Airbnb highlights its commitment to the local movement with its "Living Local" shows, part of its "AirTV" series. Each online episode showcases a distinctive property hosted on Airbnb and interviews the friendly hosts. Moreover, Airbnb recognizes its appeal to engineering and tech enthusiasts and caters to this audience through its dedicated engineering blog,, and Tech Talk YouTube series. In these hour-long videos, young tech enthusiasts present cutting-edge technologies and how they are utilized in business innovation.

Airbnb uses social media to create associations with other organizations. This strategy is similar to cross-branding and it helps establish Airbnb as a culturally present and economically innovative company. Additionally, this approach eliminates the need for a costly advertising campaign. On their Facebook page, Airbnb has listed organizations such as SXSW, TED, Virgin America, Lonely Planet, and Business Punk that they "Like". Each of these associations helps to strengthen the Airbnb brand. For example, being associated with Virgin America connects them to another unconventional travel company and Richard Branson, the maverick CEO of Virgin. Richard Branson is immensely popular among young professionals and is the most followed "Influencer" on LinkedIn, a professional social media site ("LinkedIn Today: Top minds, big ideas").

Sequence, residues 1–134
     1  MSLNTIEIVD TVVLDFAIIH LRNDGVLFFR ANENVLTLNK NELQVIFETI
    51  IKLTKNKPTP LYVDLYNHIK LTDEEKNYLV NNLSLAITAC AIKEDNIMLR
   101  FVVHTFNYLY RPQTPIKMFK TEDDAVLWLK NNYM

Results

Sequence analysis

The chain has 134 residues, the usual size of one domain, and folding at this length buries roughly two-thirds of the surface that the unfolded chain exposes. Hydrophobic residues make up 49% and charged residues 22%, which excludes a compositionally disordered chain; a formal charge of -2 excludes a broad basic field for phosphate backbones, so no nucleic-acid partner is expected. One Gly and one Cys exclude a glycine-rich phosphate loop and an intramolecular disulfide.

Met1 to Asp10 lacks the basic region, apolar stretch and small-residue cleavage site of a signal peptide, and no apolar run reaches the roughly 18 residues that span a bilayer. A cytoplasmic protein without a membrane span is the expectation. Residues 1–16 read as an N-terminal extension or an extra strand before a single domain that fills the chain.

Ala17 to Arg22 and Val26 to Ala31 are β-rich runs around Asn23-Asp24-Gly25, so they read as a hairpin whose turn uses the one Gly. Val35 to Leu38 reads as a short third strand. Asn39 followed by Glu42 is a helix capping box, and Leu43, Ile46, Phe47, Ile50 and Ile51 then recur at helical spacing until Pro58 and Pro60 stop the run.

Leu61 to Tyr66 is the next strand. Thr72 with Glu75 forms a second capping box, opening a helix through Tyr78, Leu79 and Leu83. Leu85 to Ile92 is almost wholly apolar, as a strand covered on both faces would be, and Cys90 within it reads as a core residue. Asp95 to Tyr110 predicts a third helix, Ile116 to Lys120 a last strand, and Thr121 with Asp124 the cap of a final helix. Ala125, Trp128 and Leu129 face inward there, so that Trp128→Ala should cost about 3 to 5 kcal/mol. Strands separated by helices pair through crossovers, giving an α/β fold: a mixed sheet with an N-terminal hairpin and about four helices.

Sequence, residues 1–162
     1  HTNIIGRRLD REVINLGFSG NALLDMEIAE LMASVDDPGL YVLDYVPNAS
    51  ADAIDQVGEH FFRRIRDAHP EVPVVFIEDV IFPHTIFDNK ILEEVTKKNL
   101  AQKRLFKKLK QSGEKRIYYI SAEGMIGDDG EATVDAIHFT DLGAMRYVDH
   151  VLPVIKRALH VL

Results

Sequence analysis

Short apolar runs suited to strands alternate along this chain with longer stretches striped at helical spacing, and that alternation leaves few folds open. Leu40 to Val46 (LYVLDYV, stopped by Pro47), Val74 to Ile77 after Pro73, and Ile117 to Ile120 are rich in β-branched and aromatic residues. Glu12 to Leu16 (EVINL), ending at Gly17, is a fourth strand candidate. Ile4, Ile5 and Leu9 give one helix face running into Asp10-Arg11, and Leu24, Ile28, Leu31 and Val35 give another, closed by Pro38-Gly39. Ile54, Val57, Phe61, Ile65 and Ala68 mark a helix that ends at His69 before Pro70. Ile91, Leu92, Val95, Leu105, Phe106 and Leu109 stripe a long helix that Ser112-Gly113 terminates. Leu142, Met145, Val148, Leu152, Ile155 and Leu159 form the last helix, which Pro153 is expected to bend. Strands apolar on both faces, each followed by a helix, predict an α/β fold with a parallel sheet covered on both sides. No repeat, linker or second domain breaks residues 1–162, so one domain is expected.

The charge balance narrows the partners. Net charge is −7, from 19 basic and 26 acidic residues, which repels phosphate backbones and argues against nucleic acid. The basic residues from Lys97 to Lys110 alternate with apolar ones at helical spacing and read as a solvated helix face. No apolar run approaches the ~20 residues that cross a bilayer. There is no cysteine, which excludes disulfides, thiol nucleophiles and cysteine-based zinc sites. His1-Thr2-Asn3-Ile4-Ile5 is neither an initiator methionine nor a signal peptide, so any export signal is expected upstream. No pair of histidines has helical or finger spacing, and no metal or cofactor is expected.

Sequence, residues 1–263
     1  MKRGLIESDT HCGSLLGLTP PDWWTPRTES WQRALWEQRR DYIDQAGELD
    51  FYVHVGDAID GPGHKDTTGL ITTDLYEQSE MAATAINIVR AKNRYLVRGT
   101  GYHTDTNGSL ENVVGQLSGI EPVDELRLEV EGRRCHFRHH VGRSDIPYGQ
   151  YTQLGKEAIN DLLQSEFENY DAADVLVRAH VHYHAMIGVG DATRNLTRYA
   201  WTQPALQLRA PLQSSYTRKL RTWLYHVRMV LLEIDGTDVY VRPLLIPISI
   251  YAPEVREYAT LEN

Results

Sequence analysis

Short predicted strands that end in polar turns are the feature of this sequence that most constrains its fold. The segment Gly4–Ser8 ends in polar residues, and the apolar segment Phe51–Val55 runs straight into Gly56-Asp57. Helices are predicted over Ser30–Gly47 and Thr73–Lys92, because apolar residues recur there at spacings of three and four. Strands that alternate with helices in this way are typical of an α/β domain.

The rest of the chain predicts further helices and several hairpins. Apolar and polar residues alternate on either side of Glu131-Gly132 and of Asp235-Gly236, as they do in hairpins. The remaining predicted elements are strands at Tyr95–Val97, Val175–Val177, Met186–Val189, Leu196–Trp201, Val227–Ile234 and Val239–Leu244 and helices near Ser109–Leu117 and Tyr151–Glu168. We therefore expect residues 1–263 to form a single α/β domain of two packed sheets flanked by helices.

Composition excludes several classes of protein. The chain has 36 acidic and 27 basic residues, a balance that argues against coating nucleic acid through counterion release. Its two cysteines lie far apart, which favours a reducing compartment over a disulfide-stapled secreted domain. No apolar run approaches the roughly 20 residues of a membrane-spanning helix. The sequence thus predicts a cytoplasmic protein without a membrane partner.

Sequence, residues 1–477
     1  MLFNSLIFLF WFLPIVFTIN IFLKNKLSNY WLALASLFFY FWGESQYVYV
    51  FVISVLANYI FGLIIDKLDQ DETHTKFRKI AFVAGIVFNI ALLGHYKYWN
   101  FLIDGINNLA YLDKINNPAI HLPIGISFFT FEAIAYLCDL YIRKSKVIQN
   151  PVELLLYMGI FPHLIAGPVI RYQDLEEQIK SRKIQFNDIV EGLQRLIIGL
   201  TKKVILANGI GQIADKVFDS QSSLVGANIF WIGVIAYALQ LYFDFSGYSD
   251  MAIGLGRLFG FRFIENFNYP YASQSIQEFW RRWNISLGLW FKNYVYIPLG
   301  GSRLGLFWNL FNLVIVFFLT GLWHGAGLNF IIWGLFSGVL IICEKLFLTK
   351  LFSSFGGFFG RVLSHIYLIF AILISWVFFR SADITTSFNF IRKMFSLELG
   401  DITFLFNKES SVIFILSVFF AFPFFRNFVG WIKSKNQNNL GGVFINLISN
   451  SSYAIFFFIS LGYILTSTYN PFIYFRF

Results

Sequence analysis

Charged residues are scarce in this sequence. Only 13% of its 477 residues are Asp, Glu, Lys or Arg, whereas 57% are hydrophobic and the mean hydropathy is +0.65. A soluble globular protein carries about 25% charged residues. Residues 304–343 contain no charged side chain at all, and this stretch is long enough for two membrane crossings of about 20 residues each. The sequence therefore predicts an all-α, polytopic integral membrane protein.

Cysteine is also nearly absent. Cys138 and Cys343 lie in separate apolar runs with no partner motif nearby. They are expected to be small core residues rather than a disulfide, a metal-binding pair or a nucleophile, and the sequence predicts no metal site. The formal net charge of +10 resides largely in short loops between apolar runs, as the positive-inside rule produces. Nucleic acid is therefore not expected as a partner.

In addition, Airbnb's association with SXSW demonstrates a shared cultural connection with its clientele. This partnership also addresses the lodging needs during the festival, prompting Airbnb to create a dedicated section on their website specifically for this purpose. As a result, the company has effectively positioned itself as a youthful, innovative, and knowledgeable presence in both culture and technology. These attributes go beyond mere travel arrangements and strongly resonate with Airbnb's reliable community of hosts and guests.

The purpose of the Airbnb platform is to cater to guests.